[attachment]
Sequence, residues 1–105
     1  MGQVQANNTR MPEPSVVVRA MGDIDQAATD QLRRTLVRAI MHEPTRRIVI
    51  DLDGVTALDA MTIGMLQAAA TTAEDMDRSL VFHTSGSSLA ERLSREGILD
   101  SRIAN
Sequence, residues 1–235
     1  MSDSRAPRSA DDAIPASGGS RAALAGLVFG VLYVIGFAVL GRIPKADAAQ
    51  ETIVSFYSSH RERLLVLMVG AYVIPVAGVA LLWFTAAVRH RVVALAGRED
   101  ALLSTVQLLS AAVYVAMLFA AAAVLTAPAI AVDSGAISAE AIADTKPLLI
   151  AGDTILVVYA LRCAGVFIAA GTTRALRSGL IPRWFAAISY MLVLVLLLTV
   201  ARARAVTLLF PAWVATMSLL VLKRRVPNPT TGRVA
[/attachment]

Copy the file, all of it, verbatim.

Sequence, residues 1–105
     1  MGQVQANNTR MPEPSVVVRA MGDIDQAATD QLRRTLVRAI MHEPTRRIVI
    51  DLDGVTALDA MTIGMLQAAA TTAEDMDRSL VFHTSGSSLA ERLSREGILD
   101  SRIAN
Sequence, residues 1–235
     1  MSDSRAPRSA DDAIPASGGS RAALAGLVFG VLYVIGFAVL GRIPKADAAQ
    51  ETIVSFYSSH RERLLVLMVG AYVIPVAGVA LLWFTAAVRH RVVALAGRED
   101  ALLSTVQLLS AAVYVAMLFA AAAVLTAPAI AVDSGAISAE AIADTKPLLI
   151  AGDTILVVYA LRCAGVFIAA GTTRALRSGL IPRWFAAISY MLVLVLLLTV
   201  ARARAVTLLF PAWVATMSLL VLKRRVPNPT TGRVA